Recently, a discussion topic was posted in my LinkedIn group, PM Forum titled: “Marketers spending insufficient time on the things that matter to their MPs”
Here is what was posted by Richard Chaplin of PM Forum: “The latest PM Forum Snapshot monthly survey (www.pmforum.co.uk/snapshot) indicated that marketers are not spending nearly as much time as managing partners would like them to spend on the business development and client service activities that both marketers and managing partners see as vital to the commercial success of the firm. Any insights as to why this should be the case?”
I couldn’t resist adding my perspective to the discussion. You see, I’ve been on just about every side of the management and marketing professional relationship, and have the ability to empathize with all of those sides. I thought I might be able to help. Here’s what I shared. Let me know what you think.
“Richard, you pose a very important question. In many cases, marketers are hired to manage a department of people, of projects, and of the needs of attorneys, whose needs are many (as they should be). What then happens is that marketers get bogged down in the day-to-day management function of all of the above, which leaves them unavailable for the amount of time it takes to be as strategic as most of them would love to be. Some firms hire their marketers as traditional marketers, then expect them to shift to the sales/business development role without taking in to consideration these are very different roles, and take very different skills. Some marketers might not have time, as I suggested above, but some might not be sure where to start. It is imperative that those to whom marketers report take the time to analyze the situation, perhaps with outside help, in order to determine what is needed to get their people from point A to point B. Marketers might need skills training in BD, they might need to staff differently than they are to free up their time, or a host of other reasons they might not be contributing to the BD effort the Management Committee wishes they would.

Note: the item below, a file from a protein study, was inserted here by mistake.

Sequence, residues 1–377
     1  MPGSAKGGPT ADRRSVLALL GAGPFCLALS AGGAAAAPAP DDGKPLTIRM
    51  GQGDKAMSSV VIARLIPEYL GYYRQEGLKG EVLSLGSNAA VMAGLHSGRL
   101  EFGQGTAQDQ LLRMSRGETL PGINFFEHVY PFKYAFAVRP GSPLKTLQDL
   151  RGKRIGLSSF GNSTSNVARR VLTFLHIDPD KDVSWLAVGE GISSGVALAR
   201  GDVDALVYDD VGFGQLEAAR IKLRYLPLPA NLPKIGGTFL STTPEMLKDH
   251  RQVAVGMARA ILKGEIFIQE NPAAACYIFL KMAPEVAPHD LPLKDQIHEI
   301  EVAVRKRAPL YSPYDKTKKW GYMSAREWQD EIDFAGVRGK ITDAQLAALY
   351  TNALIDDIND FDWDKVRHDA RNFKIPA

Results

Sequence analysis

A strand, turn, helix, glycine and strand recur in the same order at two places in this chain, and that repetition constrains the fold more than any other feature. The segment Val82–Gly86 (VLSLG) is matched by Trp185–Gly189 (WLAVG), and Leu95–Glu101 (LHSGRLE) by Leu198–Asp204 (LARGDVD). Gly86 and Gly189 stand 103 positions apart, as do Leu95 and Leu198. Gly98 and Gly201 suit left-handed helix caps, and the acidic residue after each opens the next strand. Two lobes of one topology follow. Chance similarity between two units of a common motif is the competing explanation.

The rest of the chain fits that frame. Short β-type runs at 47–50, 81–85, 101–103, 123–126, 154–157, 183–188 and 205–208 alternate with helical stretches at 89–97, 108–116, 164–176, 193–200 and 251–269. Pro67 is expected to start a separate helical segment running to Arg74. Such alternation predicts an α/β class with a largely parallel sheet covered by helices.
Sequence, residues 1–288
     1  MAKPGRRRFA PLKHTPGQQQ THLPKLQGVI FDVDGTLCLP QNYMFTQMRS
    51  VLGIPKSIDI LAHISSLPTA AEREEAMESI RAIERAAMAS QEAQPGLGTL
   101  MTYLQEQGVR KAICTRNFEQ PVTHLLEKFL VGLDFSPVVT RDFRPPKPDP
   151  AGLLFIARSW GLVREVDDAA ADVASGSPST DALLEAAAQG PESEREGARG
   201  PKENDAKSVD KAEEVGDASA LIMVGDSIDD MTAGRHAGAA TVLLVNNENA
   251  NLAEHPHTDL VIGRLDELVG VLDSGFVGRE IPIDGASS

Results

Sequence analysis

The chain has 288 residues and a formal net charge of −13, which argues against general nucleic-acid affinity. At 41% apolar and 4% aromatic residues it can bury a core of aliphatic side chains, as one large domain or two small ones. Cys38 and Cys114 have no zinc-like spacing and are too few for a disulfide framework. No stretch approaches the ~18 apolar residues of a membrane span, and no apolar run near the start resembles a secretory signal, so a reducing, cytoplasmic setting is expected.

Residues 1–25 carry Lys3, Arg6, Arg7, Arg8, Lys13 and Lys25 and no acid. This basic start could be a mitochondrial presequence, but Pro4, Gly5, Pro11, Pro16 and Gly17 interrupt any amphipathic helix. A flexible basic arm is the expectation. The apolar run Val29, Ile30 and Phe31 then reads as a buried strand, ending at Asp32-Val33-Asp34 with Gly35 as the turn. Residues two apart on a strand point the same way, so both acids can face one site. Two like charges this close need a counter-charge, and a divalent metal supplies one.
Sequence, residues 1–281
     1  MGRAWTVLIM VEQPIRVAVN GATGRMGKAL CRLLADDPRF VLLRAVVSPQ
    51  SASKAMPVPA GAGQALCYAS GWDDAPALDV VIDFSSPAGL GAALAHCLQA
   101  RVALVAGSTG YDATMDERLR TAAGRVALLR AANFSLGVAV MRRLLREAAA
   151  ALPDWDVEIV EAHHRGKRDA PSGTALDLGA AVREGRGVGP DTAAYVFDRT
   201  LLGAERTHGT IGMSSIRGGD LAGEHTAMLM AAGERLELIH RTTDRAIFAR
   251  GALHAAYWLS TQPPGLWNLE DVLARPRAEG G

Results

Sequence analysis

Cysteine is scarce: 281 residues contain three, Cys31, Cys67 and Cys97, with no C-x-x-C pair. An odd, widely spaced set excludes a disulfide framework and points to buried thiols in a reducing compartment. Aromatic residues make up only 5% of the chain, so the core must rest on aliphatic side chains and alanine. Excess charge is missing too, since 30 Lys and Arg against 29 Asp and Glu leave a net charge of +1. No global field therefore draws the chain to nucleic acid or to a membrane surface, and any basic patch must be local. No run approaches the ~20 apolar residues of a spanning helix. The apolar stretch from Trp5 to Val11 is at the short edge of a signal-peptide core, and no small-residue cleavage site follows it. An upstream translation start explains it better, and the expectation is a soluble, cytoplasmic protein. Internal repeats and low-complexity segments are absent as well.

Our job and responsibility as managers is to provide the support and the tools necessary for them to be successful on our behalf, rather than wonder what’s wrong with them, being unhappy with their priorities, then forcing them out to make room for the next marketer. Investment in people and the tools they need to be successful is much less expensive than churning through one after another hoping you find the right one.” My advice to both marketers and managers:
1) Marketers-Be assertive about what you need to re-tool, or tool, to perform the BD functions your firms expect today. If you don’t know where to start, ask for help. Be honest and let firm management know you are embarking upon a plan to take the firm where it needs to go, and you need their endorsement. Who can deny your request for help when you have the best strategic interest of the firm at heart? 2) Managers-Don’t get frustrated before you’ve had the necessary discussions and performed the thoughtful analysis necessary to determine where your marketers are in their careers, where the firm has placed them, what the firm needs to do to help them get to where you want them to be, and to be willing and supportive. These discussions take time and thought, but they are necessary. There is a lot brewing in law and other professional services firms regarding sales/business development, so reach out and ask for help if you need to. Your firm needs these skills, so take the bull by the horns and help perfect them. Time is of the essence.